There was also a consultation of the Trinity concerning man’s restoration, and the result was, the Son of God giving himself to the death for their recovery. How much greater, then, must the sin of unbelief be, which of its own nature tends to make the whole contrivance vain? The Sodomites were great sinners, and the Capernaumites unbelievers; which were the greatest sinners? The greatest punishment by a just Judge speaks the greatest sin; and so the Capernaumite unbelievers were the greatest sinners, Matt. 11:23, 24.(Works X 542) At the recovery of man, all hands were set to work (so to speak). The Father acts his part in choosing a certain number of the lost race to be partakers of his glory, giving them unto his Son for a people, and him to them for a Redeemer. The Son takes on their nature, and redeems them with his blood, and purchases eternal salvation for them. The Holy Spirit applies that purchase unto them, renewing their natures, quickening them, and knitting them to Christ as the Head of vital influences. O! should we not admire this great and glorious work?(Works I 535)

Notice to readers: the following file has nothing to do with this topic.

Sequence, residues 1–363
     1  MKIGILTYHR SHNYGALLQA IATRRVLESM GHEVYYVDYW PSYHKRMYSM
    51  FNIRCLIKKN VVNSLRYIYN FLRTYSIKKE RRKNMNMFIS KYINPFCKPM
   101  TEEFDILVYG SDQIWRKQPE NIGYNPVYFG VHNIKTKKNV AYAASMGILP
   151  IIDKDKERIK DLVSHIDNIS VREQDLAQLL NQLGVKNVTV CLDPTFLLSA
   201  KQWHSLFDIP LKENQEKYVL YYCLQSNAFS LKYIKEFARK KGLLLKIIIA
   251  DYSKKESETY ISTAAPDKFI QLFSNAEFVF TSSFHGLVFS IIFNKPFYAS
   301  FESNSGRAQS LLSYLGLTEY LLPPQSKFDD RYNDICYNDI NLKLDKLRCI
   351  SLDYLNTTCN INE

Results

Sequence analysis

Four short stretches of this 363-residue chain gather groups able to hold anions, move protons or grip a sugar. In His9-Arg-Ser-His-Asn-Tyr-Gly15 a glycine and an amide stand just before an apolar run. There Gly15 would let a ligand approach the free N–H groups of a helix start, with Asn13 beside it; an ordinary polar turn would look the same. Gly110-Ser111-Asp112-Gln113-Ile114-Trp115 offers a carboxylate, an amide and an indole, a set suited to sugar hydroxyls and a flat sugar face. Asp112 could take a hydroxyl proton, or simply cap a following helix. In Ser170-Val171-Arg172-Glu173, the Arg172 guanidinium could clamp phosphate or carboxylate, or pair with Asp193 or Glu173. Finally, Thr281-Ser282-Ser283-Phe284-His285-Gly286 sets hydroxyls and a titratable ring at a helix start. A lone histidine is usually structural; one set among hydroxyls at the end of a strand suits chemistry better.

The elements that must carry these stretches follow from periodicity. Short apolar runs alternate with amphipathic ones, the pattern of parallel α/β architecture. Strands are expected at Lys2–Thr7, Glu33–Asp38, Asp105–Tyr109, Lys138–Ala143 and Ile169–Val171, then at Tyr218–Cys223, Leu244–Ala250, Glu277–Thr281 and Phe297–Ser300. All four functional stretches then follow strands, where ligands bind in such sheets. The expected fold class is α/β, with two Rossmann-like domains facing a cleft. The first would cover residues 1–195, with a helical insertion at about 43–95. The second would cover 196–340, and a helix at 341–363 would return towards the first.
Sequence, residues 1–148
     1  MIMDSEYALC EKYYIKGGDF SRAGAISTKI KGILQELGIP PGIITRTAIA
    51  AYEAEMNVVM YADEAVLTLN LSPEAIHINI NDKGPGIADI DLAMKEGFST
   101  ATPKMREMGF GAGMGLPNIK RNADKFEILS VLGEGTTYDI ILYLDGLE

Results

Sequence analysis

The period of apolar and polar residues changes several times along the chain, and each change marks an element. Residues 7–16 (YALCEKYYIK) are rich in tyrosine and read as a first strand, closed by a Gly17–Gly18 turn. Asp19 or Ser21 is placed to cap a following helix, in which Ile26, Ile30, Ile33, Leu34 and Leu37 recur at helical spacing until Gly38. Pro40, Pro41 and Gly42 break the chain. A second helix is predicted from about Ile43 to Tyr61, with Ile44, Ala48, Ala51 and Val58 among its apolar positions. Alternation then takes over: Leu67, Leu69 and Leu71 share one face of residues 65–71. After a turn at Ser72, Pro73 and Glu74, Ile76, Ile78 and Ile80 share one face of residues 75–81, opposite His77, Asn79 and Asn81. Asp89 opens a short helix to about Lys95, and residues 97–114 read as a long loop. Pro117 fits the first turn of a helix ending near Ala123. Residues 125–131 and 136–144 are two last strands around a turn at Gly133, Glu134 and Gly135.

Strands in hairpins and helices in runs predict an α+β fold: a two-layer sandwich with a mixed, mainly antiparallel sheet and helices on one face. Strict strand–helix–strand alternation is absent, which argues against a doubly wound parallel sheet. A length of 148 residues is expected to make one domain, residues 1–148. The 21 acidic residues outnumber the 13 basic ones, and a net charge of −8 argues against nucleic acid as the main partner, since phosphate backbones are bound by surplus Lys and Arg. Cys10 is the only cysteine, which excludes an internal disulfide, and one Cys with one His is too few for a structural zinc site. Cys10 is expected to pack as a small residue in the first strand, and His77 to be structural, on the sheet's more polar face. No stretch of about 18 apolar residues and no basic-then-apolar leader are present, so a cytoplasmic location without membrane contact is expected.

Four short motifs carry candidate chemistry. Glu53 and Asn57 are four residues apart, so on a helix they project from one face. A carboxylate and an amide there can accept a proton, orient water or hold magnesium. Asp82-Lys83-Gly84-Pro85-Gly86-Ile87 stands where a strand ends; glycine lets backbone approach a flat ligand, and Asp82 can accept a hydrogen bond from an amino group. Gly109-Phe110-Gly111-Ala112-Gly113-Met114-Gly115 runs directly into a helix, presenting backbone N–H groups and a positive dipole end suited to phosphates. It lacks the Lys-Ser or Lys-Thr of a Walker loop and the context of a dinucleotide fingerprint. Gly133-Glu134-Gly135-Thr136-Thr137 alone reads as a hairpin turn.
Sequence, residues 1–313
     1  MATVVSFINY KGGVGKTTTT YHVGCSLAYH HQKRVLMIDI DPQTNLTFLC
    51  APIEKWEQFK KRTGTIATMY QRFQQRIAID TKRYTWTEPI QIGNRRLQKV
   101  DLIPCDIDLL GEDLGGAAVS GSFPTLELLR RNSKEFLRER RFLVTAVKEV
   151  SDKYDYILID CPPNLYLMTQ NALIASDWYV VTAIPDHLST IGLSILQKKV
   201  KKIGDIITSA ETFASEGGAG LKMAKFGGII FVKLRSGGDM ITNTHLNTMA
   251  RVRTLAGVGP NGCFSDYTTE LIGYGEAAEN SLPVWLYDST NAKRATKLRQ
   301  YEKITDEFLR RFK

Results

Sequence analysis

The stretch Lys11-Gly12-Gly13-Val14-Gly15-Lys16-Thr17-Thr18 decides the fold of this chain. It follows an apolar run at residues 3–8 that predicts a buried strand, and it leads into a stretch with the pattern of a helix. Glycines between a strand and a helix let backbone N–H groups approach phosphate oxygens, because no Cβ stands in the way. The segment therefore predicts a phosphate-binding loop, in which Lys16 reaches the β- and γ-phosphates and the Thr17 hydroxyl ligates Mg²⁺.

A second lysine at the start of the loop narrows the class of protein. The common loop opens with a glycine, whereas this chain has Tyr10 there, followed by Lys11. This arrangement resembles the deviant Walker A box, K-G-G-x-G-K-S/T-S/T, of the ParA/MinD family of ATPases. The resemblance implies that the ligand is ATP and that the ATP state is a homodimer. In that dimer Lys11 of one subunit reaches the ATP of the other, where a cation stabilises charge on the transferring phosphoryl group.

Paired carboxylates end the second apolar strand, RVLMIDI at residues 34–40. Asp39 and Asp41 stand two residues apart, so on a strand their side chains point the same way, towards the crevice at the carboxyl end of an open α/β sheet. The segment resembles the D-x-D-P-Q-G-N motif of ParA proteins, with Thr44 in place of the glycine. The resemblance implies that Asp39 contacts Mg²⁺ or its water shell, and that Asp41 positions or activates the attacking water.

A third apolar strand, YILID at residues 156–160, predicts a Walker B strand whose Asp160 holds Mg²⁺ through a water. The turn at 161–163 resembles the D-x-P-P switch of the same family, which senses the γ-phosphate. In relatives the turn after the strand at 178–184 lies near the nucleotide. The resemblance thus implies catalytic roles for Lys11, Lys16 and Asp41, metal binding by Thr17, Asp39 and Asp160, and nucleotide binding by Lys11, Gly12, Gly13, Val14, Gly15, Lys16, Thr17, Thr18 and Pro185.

The plan of [the covenant of grace] was drawn from all eternity, in the council of the Trinity: for it is according to the eternal purpose purposed in Jesus Christ, Eph. 3:11. The objects of mercy, the time and place, the way and means, of conferring it on them, were designed particularly, before man was miserable, yea, before he was at all.(Works VIII 380) Here we find ourselves at the fountain-head of the salvation of lost sinners, the origin and rise of the glorious plan, laid from eternity in the secret council of the ever-blessed Trinity, for remedy of man’s misery. And this is a manifold mystery, the several folds of which we are not able fully to discover. With God it was all one piece, if I may so phrase it; for with him, all things are together and at once: and not one thing before and another after, as with us. Howbeit, we cannot conceive of it but in parcels; first one piece of the mystery and then another: and that because of the weakness of our capacity, as we are creatures; and much more, as we are creatures under much spiritual darkness. Wherefore we must of necessity address ourselves to the consideration of it in parcels; but still remembering, we are in the eternal mystery, transacted in the eternal decree of the holy Trinity all at once, by one eternal act of the divine will: in which, nevertheless, we are allowed to conceive a certain order, since otherwise we cannot take up the mystery.(Works VIII 408)